Meanwhile Gummer Sr, now Lord Deben, is on hand with helpful advice should it be needed, having been appointed to Parliament's upper chamber soon after standing down as an MP.

Deputy Speaker and Labour MP Lindsay Hoyle is also following in his father Doug's footsteps.

Mr Hoyle Sr, a Labour MP for nearly 25 years, became Lord Hoyle in 1997, thereby also retaining the right to legislate as a member of the upper chamber.

One generation

A desire to join the Commons is not only transferred down the generations - it can also seemingly be passed around within a generation.

There are six married couples of which both spouses currently sit as MPs, including Lib Dems Jo Swinson (left) and Duncan Hames (right).

Labour's shadow chancellor Ed Balls (left) joined his wife Yvette Cooper (right), the shadow home secretary, in Parliament in 2005. She had been elected eight years earlier.

The wives of two MPs, Lib Dem Sir Alan Beith and Conservative MP Peter Bottomley, formerly served on the green leather benches: Baroness Maddock and Virginia Bottomley.

There are two pairs of siblings in the Commons: twin Labour MPs Angela and Maria Eagle (above), and fellow Labour members Valerie and Keith Vaz.

Two current MPs have brothers who used to be MPs: Labour leader Ed Miliband and Conservative MP Jo Johnson (below left).

Future generations?

The hereditary principle in the Commons shows no sign of disappearing, with no shortage of examples of aspiring offspring keen to follow in their fathers' footsteps.

"Of course, politics is in my blood," Stephen Kinnock, who will contest Aberavon for Labour in 2015, has said.

His father, former Labour leader Lord Kinnock, represented another South Wales constituency, Bedwellty, and its successor seat, Islwyn, from 1970 to 1995.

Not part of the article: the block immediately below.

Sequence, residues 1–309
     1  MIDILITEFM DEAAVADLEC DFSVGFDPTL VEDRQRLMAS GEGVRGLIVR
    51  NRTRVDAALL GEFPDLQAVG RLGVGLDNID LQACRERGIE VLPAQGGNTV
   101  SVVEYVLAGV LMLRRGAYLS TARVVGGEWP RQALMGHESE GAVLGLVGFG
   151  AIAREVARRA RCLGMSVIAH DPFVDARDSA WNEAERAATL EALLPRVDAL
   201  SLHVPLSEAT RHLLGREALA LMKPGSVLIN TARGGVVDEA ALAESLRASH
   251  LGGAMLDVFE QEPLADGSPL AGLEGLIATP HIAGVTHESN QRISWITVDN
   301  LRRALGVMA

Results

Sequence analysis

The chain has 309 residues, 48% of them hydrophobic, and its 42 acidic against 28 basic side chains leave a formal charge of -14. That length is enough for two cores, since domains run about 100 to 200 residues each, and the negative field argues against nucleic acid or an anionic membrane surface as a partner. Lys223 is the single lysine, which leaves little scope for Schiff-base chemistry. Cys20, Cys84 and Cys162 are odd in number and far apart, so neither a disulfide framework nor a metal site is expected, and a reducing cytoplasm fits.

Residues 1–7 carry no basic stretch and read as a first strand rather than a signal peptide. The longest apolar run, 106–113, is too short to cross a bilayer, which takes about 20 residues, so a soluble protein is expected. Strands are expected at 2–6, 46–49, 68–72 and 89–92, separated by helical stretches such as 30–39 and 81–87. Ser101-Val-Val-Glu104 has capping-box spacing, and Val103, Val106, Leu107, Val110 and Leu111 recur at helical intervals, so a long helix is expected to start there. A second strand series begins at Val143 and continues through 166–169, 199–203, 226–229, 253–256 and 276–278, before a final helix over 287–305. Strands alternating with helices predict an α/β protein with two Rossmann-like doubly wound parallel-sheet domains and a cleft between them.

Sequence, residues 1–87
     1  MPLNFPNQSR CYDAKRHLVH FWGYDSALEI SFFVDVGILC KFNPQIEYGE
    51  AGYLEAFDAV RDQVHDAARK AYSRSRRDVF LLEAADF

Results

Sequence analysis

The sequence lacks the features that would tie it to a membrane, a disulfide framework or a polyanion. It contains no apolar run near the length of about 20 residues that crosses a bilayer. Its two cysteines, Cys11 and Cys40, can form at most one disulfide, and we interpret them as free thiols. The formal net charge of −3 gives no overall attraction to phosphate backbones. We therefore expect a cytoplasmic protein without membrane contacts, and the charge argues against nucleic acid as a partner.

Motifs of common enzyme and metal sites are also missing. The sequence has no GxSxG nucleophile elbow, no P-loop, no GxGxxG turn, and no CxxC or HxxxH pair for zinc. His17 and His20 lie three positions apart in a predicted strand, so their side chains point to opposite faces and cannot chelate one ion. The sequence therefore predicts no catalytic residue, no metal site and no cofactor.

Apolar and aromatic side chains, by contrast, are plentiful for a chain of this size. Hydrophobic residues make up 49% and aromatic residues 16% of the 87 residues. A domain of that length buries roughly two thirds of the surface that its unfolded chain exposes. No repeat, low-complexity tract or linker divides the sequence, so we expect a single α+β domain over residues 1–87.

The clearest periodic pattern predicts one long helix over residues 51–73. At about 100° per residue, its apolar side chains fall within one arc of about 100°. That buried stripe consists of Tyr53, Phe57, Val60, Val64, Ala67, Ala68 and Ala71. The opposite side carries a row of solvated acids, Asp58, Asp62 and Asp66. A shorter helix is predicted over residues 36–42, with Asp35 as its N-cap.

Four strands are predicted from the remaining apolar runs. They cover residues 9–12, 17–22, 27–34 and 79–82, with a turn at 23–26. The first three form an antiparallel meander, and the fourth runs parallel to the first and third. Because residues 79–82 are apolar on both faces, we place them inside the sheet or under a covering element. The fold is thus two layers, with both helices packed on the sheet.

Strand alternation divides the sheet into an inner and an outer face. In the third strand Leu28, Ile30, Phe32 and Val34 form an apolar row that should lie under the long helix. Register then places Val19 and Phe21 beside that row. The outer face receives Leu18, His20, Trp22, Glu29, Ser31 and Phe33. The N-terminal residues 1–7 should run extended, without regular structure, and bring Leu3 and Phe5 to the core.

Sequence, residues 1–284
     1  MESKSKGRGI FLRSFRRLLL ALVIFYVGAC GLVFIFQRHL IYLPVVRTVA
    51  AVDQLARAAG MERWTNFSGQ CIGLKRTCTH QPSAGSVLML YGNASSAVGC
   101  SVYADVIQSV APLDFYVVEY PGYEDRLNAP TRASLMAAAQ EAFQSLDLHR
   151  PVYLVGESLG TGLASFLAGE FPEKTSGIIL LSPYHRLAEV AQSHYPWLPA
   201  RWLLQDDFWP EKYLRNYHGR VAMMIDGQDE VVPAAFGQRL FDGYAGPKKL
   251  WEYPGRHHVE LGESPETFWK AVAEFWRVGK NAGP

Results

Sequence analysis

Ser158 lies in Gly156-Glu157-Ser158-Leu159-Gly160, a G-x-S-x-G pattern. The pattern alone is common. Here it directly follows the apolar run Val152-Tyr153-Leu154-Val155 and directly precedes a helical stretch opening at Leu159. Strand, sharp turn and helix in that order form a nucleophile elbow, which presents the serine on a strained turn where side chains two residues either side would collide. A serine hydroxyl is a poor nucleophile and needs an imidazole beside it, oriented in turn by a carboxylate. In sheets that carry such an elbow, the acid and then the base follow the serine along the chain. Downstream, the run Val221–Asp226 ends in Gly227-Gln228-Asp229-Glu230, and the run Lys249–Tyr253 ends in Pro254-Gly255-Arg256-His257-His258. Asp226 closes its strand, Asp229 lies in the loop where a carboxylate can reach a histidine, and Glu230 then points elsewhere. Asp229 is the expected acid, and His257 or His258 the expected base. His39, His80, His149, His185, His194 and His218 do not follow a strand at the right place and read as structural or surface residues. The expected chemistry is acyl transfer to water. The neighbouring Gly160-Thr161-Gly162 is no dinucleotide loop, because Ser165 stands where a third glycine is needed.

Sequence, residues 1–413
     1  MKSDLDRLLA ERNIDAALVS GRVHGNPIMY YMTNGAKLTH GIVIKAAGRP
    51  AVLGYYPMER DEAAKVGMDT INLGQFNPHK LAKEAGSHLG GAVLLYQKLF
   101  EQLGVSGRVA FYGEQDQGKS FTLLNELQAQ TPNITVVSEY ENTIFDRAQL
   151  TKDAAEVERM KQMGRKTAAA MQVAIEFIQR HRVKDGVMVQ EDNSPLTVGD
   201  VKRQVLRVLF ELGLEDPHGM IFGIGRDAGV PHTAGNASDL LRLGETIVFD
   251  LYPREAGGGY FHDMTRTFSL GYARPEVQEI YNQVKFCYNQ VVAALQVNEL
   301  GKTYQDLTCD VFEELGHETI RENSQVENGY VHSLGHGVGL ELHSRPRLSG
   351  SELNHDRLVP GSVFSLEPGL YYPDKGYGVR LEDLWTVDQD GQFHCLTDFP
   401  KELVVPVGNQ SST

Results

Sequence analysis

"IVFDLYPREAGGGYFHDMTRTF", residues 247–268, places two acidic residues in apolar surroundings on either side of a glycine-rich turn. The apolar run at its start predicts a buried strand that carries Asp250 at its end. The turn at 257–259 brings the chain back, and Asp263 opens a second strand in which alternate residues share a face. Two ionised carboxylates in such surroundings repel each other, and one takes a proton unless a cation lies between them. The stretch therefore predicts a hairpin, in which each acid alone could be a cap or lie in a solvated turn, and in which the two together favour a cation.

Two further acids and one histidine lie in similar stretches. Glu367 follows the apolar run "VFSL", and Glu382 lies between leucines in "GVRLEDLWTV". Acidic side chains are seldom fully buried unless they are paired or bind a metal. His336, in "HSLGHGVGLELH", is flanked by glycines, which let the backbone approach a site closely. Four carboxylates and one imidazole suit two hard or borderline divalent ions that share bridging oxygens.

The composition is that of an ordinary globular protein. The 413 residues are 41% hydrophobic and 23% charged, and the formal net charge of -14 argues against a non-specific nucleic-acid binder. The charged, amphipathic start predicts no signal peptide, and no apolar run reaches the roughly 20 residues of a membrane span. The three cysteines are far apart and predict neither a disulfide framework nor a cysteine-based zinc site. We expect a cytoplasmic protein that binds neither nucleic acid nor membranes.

It remains to be seen whether the career trajectory of Mr Kinnock, 44, will echo that of his father, whose ambitions to run the country were twice thwarted by the electorate - or his wife, Helle Thorning-Schmidt, who is Prime Minister of Denmark.

David Prescott, the son of another ex-MP to have taken up residence in the upper House, is understood to be seeking to become an MP.

So far, his efforts have gone unrewarded: campaigns for candidacy at the 2010 general election in Hull East and at the 2015 general election in Greenwich and Woolwich were both unsuccessful.

"Now back to normality and a life," he said after hearing he had missed out in Greenwich. He had reportedly pledged not to employ any family members if elected.

The son of ex-Labour Home Secretary Jack Straw, Will, has been selected to fight the constituency of Rossendale and Darwen for Labour at the 2015 election.

If he can topple the Conservative incumbent Jake Berry, who enjoys a majority just shy of 4,500, he will take over almost exactly where his father leaves off: Mr Straw, who has represented the adjacent seat of Blackburn since 1979, has said he will stand down at the next election.

Ex-Labour PM Tony Blair's son Euan is thought to be considering a bid for Parliament, although he has not publicly declared whether he plans to stand or not in 2015.

Up a generation?

Finally, to show that a desire to enter Parliament does not only flow down and within generations, Stanley Johnson, the London mayor's father, stood for the Conservatives in Teignbridge in 2005, four years after Boris had joined the Commons.

It was not a runaway triumph, as he later wryly admitted in the Guardian: he had misspelled the name of the constituency and pledged to deliver "more talk and less action" in his campaign literature.

But this did not stop him having another shot three years later, attempting to succeed his son as MP for Henley. He was not selected as the Conservative candidate that time around.

It remains to be seen whether Mr Johnson Sr will redouble his efforts at any future general elections.